Wednesday, January 17, 2007
Guyana - January, 2007
Greetings from Guyana...
I have been extremely fortunate to meet a variety of amazing people whom have made a significant positive impact on my life. I could name teachers from Amherst High School, professors from Viterbo University and Luther Seminary, basketball coaches, neighbors, classmates, roommates, work colleagues, pastors…the list could go on and on. As I consider the variety of people who have helped shape who I am today, I thank God for helping our paths to cross, for they have taught me countless life lessons, and I am a better person for having known them.
While I could write about a variety of people whose lessons I know I will never forget, there is one person I feel compelled to mention: an elderly Guyanese woman named Mrs. Albertina Coates. Mrs. Coates is an inspiration to me and countless others.
It might be against the rules for pastors to have “favorites” in a congregation, but I will be the first to admit that Mrs. Coates has been one of my favorites from the first day I arrived at the Emmanuel Lutheran Parish. Her jovial attitude is infectious, her faithfulness and commitment is absolutely inspiring, and I love her witty sense of humor and willingness to say what needs to be said at any given time. Our conversations are more likely to resemble comedy acts than pastoral visits, with each of us taking turns making jokes and giving the other a difficult time. I remember one day I asked what it’s like to have a pastor who is over sixty years younger than she (Mrs. Coates was born in 1918, while I was born in 1978!), and she responded: “Pastor. You’re a young person. Now I don’t like rude young people, but I love wicked young people like you! You are alright with me!” As Mrs. Coates burst into laughter I nearly fell off my chair! I remember thinking, “I wish I could bottle this woman up and take her home!”
Mrs. Coates has seen a great deal of change during her eighty-nine years in Guyana. She’s witnessed the onset of Guyana’s political independence in 1966, she lived through a variety of presidents and prime ministers, and has seen numerous pastors come and go at her beloved Emmanuel Lutheran Church in Skeldon. When she was born Guyana had no cars and barely any telephones, and now she lives in a country of planes, numerous cars and trucks, computers, cell phones, and the wonders of the Internet. I remember when she spoke about all these changes and said, “With each passing year people get more fancy stuff and get more busy, and the more busy we get and the more fancy stuff we get, the more we think we need to do and the more we think we need to have!” Words of wisdom, that’s for sure.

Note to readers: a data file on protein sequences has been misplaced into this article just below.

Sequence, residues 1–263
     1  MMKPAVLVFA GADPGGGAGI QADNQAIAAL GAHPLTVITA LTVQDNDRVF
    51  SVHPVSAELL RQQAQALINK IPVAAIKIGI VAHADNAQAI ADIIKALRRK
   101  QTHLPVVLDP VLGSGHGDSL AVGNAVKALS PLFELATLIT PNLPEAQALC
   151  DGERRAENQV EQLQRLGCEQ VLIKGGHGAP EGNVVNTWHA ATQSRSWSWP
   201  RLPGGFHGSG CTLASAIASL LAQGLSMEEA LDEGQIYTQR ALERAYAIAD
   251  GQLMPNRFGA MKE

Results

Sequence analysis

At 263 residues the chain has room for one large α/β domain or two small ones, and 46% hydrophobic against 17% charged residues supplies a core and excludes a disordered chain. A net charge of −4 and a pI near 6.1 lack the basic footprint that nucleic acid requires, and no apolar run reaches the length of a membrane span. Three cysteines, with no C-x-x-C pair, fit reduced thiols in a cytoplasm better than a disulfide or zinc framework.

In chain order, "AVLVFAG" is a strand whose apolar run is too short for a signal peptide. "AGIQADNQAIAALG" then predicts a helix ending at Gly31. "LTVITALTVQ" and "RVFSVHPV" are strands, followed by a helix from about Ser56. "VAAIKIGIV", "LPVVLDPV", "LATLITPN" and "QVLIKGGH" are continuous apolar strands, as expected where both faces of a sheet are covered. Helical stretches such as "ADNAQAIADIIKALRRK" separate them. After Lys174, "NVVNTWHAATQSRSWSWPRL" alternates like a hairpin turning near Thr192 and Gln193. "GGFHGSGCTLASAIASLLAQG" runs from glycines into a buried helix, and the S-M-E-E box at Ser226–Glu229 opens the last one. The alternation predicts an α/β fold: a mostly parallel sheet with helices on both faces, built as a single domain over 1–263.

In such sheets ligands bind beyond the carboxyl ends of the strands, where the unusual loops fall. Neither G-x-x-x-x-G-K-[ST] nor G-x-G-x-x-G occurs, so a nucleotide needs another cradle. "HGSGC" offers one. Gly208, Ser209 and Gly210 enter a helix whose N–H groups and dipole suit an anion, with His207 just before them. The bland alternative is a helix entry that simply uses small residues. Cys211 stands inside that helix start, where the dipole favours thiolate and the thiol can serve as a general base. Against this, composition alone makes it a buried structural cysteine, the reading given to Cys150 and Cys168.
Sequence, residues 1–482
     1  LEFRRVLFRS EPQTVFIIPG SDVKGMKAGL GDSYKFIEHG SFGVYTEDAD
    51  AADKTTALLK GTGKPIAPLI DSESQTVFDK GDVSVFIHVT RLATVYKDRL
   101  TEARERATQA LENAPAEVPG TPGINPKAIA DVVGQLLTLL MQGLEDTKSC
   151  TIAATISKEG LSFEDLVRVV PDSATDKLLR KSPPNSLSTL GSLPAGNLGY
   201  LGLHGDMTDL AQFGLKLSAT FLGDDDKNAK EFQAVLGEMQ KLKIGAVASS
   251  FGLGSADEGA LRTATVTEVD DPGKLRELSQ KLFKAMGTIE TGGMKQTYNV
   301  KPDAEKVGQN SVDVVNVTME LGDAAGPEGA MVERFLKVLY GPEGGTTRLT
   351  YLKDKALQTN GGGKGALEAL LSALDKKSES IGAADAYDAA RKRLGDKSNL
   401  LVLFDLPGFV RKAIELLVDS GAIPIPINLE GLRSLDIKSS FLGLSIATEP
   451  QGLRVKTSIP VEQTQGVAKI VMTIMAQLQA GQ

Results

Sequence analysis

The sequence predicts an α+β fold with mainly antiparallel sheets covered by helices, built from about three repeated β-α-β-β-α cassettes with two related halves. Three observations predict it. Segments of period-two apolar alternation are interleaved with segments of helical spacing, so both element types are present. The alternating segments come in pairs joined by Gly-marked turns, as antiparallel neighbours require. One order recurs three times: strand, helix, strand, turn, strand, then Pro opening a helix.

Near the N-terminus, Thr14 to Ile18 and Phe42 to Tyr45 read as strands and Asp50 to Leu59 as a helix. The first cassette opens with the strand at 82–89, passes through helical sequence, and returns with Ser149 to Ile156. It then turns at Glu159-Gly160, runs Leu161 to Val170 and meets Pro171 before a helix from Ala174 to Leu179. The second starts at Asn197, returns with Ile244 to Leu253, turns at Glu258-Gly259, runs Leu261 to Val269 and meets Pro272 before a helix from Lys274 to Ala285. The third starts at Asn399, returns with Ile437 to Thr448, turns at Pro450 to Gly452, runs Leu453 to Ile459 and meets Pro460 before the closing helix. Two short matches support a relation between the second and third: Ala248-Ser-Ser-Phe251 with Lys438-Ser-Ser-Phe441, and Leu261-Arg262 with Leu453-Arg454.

Unfortunately, over the past months it’s become increasingly clear that Mrs. Coates is nearing the end of her long and fruitful life. Due to complications from diabetes and heart disease, she is no longer able to walk, which has prevented her from attending church and performing day-to-day functions. What I find so saddening about this situation is that, while so many people are able to attend church and choose not to, Mrs. Coates absolutely loves her church yet is physically unable to come. It breaks my heart, and there are times that thinking of her brings me to tears.
I visit Mrs. Coates frequently, we sing classic hymns (…sometimes she lets me play a few rock songs on my guitar!), I administer the Lord’s Supper, and I pray alongside her, asking God to bring her comfort in the midst of these struggles. Our time together is always worthwhile, but she and I know that pastoral visits are no substitute for gathering with fellow believers in the congregation she helped build over fifty years ago. Each Sunday when I step into the pulpit I look to the place she used to sit, I see that empty space, and I wish she were there to clap her hands and sing out as she so loves to do.
I know it’s only a matter of time before Mrs. Coates’ time on Earth comes to a close, and I know that her funeral will be one of the largest gatherings our congregation has ever seen, for she is a community-wide figure whom everyone knows and loves. When that day comes, it will be one of the greatest honors of my life to preside at the funeral and remind the gathering of God’s love and mercy for all people. Mrs. Coates is a faithful woman with an amazing heart and incredible love for the Lord, and while I am in no way worthy of being her pastor, I simply thank God for the opportunity to grow in faith alongside her.
I have learned a great deal from Mrs. Coates. She has reminded me to appreciate the many gifts of the elderly. She has shown me how to value the precious gift of life itself. She has modeled how to be thankful for friends and family. And of course, she has reminded me how to cherish the amazing blessings that God bestows each and every day.
I thank God for the blessing of Mrs. Coates, and I pray that God will continue to provide her with strength, guidance, and faith during her final stretch of life.
And as always, I thank you for the ongoing love and support for Kristen and I during our service in Guyana. We love you and thank God for having you.
With peace and love,
Posted by Brian Konkol at 18:57